Elizabeth Bennet Challenges to Patriarchy
Elizabeth Bennet is the second daughter in the bennet family, in both the novel and film of Pride and Predudice she is portrayed as the most intelligent and witty Bennet daughter. It is no doubt a fact that Elizabeth Bennet is one of the most heroic, well-known female characters in English literature. Pride and Predudice was set in Regency England. A time when women were to listen and agree to what men said. A time when touching the opposite sex was to be minimal ans so on.
But Elizabeth Bennet challenged this patriachal setting. She would not let any man intimadate her, and is known for confronting anyone on any rude behaviour. Lizzy knows how to challenge people through her wit and smart retorts instead of getting angry and petty as women of the regency era normally would. She refuses to submit to the low presumptions of her, set by those around her. She would prefer to be single and sacrifice an insecure financial future than to be stuck in a loveless marriage.
She acknowledges her faults and tries to right them rather than deny them.
It is best seen that Elizabeth Bennet would not let any man intimidate her, and makes sure to confront a man for his bad behaviour. In the book (Austen, 1813) Pride and Prejudice when Mr Darcy rushes into the room where Elizabeth sat and immediately began asking about her health. She answered Darcy with cold tact. Darcy follows her surprising response by divulging his (what he thinks is romantic and touching… but in a Mr Darcy way) love to Lizzy. “In vain have I struggled. It will not do. My feelings will not be repressed. You must allow me to tell you how ardently I admire and love you.” Lizzy eventually speaks and acclaims she can not accept, as she felt nothing for “such a man” and she then point out that herself and Darcy seldom, if ever could speak well to each other. This is something not many other women would even think of doing. Lizzy did think before she said what she said and realised he would be upset, and she felt bad, but she needed to confront “the elephant in the room”. In the film however this scene is conveyed very differently. It is done very effectively, instead of Darcy’s sudden enterace into the room, Darcy and Lizzy are seen out in the rain, under a gazebo. Both the characters are soaked. The rain is a clear symbol of the instability of withs about to unfold, as well as the natural, dull lighting is an icon of sorrow. Lizzy’s facial expressions also become very effective and show the emotions she truly feels.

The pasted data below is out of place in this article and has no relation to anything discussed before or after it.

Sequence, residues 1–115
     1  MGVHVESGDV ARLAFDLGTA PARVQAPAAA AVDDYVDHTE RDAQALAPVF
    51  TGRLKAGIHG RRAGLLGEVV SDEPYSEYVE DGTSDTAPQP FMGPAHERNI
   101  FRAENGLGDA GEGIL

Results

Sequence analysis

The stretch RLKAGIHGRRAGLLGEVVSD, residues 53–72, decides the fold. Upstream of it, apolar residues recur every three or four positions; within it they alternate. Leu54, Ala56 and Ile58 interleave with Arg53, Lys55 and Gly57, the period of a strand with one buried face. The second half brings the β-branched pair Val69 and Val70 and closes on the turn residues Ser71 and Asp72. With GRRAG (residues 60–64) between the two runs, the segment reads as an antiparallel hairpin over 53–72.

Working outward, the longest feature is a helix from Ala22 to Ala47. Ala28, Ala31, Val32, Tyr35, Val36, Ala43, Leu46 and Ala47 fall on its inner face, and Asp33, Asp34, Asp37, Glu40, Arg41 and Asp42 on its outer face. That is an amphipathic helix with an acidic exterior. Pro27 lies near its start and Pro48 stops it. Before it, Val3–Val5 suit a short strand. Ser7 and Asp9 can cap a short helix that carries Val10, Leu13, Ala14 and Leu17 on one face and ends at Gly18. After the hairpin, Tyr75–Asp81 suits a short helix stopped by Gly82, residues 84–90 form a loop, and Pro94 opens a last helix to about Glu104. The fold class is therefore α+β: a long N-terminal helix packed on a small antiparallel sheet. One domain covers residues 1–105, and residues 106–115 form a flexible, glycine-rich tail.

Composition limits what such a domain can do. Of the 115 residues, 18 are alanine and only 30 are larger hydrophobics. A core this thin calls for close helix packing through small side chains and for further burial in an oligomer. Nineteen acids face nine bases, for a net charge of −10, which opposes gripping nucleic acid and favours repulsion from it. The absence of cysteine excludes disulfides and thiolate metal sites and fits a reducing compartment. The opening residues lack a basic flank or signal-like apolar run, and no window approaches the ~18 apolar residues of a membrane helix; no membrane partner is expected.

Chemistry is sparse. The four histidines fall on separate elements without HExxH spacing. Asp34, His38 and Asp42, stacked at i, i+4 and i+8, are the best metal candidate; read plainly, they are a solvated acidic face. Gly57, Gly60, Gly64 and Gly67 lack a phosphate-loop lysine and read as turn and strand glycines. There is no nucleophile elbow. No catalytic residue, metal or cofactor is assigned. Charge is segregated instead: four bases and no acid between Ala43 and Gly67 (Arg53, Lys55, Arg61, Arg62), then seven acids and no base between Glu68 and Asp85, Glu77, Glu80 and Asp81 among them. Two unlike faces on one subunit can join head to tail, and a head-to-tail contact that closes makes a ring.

As Lizzy does in the novel (Austen, 1813, pp. 186-188) addressing the faults within her relationship with Darcy, she does to in the film. She says what is needed to be said with extreme expression on her face, adding emphasis to how she feels. This is definitely not the way women would convey their disagreement with a man.
Elizabeth is very good at keeping a clear head when faced with a challenging conversation. This is seen best in the novel (Austen, 1813, pp. 336-339) when Lady Catherine De Bourgh comes and requests to speak with Lizzy outside, where she suggests there is a rumour of Lizzy and Darcy getting engaged. Lizzy manages to keep a calm mind in response. And says she in short that she and Darcy have nothing going, and even if they did she asks why she could not accept. She then adds that even if promises to not accept Darcy’s hand, that it wouldn’t make Darcy and Miss De Bourgh any more probable. As they are not in love and love should be a choice, not forced from birth.
In the film this same situation is portrayed in a slightly different way. Lady Catherine force it upon Lizzy to play the piano for her, even though Lizzy refuses, Lady Catherine will not accept no for an answer. Elizabeth give the instrument her best efforts but cannot play as well as Darcy’s younger sister. Lady Catherine uses Lizzy’s “poor” piano skills to try make Elizabeth look inferior to herself and the Darcy family. But Lizzy does not let the incident get to her and carries on with living up to her personal values.
The most prominent way in which Lizzy challenges patriarch in both the novel and the film is when she refuses the proposal she receives from Mr Collins, whom will receive her father’s estate when he passes away. Mr Collins expect Lizzy to be overjoyed by his proposal, as Elizabeth would get to stay home and have a decent life ahead. But instead she witfully declines/ rejects the proposal. The only minor difference between the novel and the film in this scene is how Collins is described. In the novel he is portrayed as apparently opposite to in the film. In the film he is a petite, pathetic little man with almost zero confidence. In many ways this could be a reason for it to be so simple for Lizzy to reject his proposal with her wittiness and sarcastic remarks.
In conclusion Elizabeth Bennet successfully challenges patriarchy both in the film and novel is Pride and Prejudice. Because she keeps to what she believes in, even if it may have negative effects on her life of her own or that of her family’s. in the end she is lucky to come out successful and have learnt that some of what she thinks and says should not be. She will always stick to her values even if its against that of patriarchy.
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